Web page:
Queens Beaches Cleaner Than Bronx, Staten Island – But Dirtier Than Brooklyn, New Report Says

Queens Beaches Cleaner Than Bronx, Staten Island – But Dirtier Than Brooklyn, New Report Says

File Photo

File Photo

Queens beaches may rank behind Brooklyn as far as water pollution goes, but they still beat out dirtier swimming spots in the Bronx and Staten Island, according to a report released by the Natural Resources Defense Council last week.

According to the annual report, 7 percent of water samples from Queens beaches violated public health standards, whereas 15 percent in the Bronx and 8 percent in Staten Island did the same. Brooklyn had the cleanest beaches in the city, with 5 percent of its water samples revealing bacteria levels in the water that violated the same public health standards. New York as a state ranked 22nd among the 30 states studied by the NRDC this year.

The NRDC noted that the primary known cause of such bacteria comes from pollution stemming from stormwater runoff and sewage.

“Sewage and contaminated runoff in the water can spoil a family vacation real fast, turning a day of lounging at the beach into a day at the doctor’s office with a sick child,” said NRDC senior attorney Jon Devine. “It’s no surprise that pollution in the waves is bad for business in beach communities. Our government leaders can help support local economies and salvage countless summer getaways nationwide by tackling one of the principal sources of these problems – stormwater runoff.”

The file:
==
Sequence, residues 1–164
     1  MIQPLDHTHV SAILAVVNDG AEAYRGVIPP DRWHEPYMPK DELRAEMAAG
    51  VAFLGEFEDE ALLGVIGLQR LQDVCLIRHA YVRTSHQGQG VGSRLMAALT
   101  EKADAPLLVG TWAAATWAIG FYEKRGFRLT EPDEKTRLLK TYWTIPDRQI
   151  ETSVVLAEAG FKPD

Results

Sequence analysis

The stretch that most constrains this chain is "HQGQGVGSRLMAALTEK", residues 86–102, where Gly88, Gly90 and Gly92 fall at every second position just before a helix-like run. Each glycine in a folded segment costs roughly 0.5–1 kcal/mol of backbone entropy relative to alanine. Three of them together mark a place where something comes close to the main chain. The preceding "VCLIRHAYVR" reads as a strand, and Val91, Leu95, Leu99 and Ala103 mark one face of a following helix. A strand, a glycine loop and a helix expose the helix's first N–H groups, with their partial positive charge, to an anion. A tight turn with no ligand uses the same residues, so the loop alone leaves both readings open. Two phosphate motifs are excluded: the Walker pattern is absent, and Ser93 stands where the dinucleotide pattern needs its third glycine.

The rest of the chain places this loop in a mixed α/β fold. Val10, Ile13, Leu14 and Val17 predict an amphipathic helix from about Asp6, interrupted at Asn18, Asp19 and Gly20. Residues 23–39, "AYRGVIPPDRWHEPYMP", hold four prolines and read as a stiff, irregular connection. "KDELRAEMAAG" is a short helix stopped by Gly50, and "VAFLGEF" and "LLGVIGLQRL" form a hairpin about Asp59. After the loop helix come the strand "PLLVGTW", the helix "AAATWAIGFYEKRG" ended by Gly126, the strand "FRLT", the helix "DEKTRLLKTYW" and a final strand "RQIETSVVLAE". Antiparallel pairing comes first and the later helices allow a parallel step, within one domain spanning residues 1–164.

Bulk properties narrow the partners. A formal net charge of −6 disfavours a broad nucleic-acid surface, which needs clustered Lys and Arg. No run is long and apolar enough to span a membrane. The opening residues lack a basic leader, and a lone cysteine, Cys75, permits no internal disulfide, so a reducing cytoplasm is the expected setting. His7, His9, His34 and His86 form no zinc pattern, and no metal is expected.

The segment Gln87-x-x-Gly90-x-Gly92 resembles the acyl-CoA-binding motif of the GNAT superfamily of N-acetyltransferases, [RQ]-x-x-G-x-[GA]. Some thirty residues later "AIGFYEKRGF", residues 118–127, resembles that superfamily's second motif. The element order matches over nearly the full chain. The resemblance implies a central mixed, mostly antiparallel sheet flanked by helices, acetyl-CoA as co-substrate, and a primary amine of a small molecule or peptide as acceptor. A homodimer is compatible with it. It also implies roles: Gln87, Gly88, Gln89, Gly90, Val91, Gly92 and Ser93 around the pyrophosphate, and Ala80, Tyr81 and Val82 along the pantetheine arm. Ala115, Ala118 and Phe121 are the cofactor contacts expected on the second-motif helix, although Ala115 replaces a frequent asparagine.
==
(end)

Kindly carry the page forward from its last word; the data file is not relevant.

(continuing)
Contaminated water can result in a number of problems, including stomach flu, skin rashes, throat problems, hepatitis, and, very rarely, death.

This year, New York battled major problems with stormwater runoff caused by Hurricane Sandy – though officials were pleased that Rockaway Beach from 116th to 126th streets was the only beach in Queens to land four out of five stars in the report.

“Across the mid-Atlantic, floods overwhelmed sewage treatment plants and flushed 11 billion gallons of raw and partially treated sewage into rivers, bays, canals, and city streets, according to a recent report by the research firm Climate Central. To put that into perspective – such a volume of waste could cover all of Central Park with a layer of sewage 41 feet high.

The NRDC report also noted that more than 70 percent of the city’s 7,400 miles of sewers are combined sewers – meaning they carry sanitary sewage and stormwater runoff in the same pipes. When the pipes are overwhelmed by the volume of wastewater needing treatment during, and immediately after, storms, the combined systems can discharge a mixture of rainfall runoff and raw sewage into area waterways.

The city is attempting to reduce the likelihood of this happening with green infrastructure that will help to better absorb rainwater – including porous pavement, green roofs, rain gardens, and roadside plantings.

If residents want to take a break from New York’s waters, nearby states like New Hampshire and Delaware received “superstar” ratings for a number of their beaches, including Hampton Beach State Park in New Hampshire and Rehobeth Beach in Delaware.

Other states that landed “superstar” ratings included Alabama, California, Maryland, Michigan, and Minnesota.

By Anna Gustafson


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